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‘Shut up! Damn you! Go to hell’ – Ashok Kumar, the heartthrob who struggled with fame

In ‘Dadamoni,’ Nabendu Ghosh writes about Hindi cinema’s first superstar who starred in Kismet, Mahal, Parineeta, Chalti Ka Naam Gaadi, and Jewel Thief.

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In 1936, after Achhut Kanya Ashok Kumar became the idol for school and college students. College boys would stroll around singing, ‘Tu ban ki chidiyan, mai ban ka panchhi, ban ke ban ban bolun re’e’e…’

The same Ashok Kumar who would fumble in the beginning gradually revealed his talents to emerge as the classic, languorous lover of the Indian screen. Sadat Hasan Manto writes in his Meena Bazaar about an unusual admirer: A certain bold lady took Ashok Kumar home hoping to win him over. But he was so very firm that she had to change her tactics. She told him, instead, ‘I was just testing you, you see! You are my brother!’

Ashok Kumar was never a flirt. He just did not have the guts to be one! Which was very surprising, considering that hundreds of young women adored him. He used to get love-letters from thousands. But, to the best of my knowledge, he has not read more than a hundred out of this heap!


Also Read: Remembering ‘Dadamoni’ Ashok Kumar: A perfectionist actor, homoeopath & ‘wacky’ gentleman


Ashok Kumar’s popularity grew by the day. Because he seldom appeared in public, because he mostly kept to himself, when people did get a glimpse of him, they were riotous. The traffic would come to a halt because the crowd of admirers refused to budge. There were even occasions when the police had to resort to lathi-charge.

Manto has also written about the post-Partition incident, recounted earlier in this book, when the two were caught in a procession late one night, in a Muslim area. Ashok had then expressed his faith in the viewers, saying, ‘You got frightened unnecessarily—people don’t question artistes.’ I was therefore surprised by an incident I was witness to, sometime in the June of 1951.

I was travelling with Dadamoni from his residence at Kala Ghoda to VT station. We were to take a train to Matheran where we were to discuss the script of Kafila along with its director, Aravind Sen. As soon as the pedestrians noticed Ashok Kumar, they started to chant and cry out:

Ashok Kumar! There goes Ashok Kumar! Oh Ashok Kumar! Hello Ashok Kumar!

But to every excited exclamation, Ashok angrily replied:

Shut up! Damn you! Go to hell.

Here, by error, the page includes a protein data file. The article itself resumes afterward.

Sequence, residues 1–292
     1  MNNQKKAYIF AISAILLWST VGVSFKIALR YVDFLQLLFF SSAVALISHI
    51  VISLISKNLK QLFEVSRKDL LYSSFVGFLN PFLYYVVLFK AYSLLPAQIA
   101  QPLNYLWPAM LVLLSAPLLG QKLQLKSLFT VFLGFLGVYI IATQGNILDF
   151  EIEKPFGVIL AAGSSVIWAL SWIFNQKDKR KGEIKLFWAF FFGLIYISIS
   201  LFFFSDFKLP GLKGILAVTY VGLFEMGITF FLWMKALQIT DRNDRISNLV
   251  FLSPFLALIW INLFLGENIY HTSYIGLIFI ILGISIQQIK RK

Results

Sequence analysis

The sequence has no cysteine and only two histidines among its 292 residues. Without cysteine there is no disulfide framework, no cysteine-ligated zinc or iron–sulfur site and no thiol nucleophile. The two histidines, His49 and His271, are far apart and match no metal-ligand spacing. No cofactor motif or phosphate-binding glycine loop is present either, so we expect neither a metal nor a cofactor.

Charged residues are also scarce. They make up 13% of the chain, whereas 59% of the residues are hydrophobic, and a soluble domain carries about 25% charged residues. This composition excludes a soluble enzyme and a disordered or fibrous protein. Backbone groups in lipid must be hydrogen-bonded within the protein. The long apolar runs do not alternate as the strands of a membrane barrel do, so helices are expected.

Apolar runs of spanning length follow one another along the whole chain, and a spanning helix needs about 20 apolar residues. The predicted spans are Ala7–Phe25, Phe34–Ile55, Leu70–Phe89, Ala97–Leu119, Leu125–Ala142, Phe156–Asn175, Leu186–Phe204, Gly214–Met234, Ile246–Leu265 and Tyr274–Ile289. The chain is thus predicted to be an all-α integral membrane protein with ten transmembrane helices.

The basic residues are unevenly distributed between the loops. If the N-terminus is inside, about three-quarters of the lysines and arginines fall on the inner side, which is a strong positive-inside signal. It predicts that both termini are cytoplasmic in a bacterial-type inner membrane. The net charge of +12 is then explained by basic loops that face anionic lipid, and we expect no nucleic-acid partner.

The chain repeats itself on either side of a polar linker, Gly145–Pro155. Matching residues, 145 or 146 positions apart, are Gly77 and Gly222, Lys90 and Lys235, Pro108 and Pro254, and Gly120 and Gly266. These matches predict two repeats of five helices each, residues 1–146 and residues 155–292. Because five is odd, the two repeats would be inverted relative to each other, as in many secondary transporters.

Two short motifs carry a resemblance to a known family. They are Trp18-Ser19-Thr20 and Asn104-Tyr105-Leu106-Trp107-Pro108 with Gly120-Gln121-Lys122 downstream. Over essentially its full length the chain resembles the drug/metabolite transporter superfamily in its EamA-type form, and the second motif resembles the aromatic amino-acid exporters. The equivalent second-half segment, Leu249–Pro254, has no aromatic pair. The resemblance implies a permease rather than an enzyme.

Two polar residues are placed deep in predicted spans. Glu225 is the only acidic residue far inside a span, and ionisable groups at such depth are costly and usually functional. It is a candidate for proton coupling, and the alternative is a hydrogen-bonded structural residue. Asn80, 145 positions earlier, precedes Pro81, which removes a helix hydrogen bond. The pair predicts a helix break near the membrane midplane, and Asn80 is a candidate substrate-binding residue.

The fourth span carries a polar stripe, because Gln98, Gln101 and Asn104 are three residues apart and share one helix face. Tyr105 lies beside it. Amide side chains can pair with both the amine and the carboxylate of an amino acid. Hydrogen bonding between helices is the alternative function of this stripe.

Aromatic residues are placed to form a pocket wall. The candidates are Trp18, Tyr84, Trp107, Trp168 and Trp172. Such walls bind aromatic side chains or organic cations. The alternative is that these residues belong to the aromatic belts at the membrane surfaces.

Ashok reclined, merging with the seat in order to avoid being seen. I laughed as I asked him, ‘Dadamoni, why do you resent the admiration of the public?’

Ashok Kumar replied, ‘I am fed up. For so many years now they have been doing this whenever they see me—Ashok Kumar, Ashok Kumar, Ashok Kumar! The call now irritates me.’

I said, ‘Dadamoni, I’m sure an intelligent person like you knows why they do so?’ Ashok said, ‘I know, but they invade my privacy. I am not an actor all the time.’

‘You are arguing like a child, sir,’ I reasoned again. ‘For the viewers, you are always Ashok Kumar the actor. They have a personal image of you formed from the roles you have enacted on screen. More importantly, they are deeply impressed by you, by your performances. They love you. You are more popular with them than even a political leader. Their cries are love-calls. You are a fortunate man, their calls are God’s whispers.’

Ashok frowned, ‘Have you seen God?’

‘Oh no,’ I said, ‘but I feel he exists.’

Ashok said, emphasising his words, ‘I have not yet met him nor do I feel him!’

‘I withdraw my reference to God,’ I immediately responded, ‘but the rest of my dialogue remains intact. Please, I request you, apply your extraordinary reasoning power and desist from your angry reactions to the public. It is they you owe your success to.’

With a smile Ashok Kumar looked at Aravind Sen, the director, and said, ‘Nabendu argues well. After all, he is a good writer. All right, Nabendu, I will consider your arguments.’ There ended our talks for the moment. But after that I never saw Dadamoni react angrily, nor heard anyone speak of such a reaction.


Also Read: Pakeezah is that rare film whose making is as much of a story as the actual plot


An Admirer of Other’s Talent

Ashok Kumar has a rare quality: he has always admired talent in others. This came to the fore when he, as a producer, offered a platform to so many directors and artistes.

As an actor he has always paid compliments to Dilip Kumar, Raj Kapoor, Dev Anand. About the ‘current’ actors, he says, ‘There is no doubt that Amitabh Bachchan is a great actor. I liked him in Mili and some of his angry young man roles… Anil Kapoor is fine… Among the girls I have liked Rekha, now I like Madhuri Dixit. She is lovely, she has a subdued screen presence…’

This excerpt from ‘Dadamoni: The Life and Times of Ashok Kumar’ by Nabendu Ghosh has been published with permission from Speaking Tiger.

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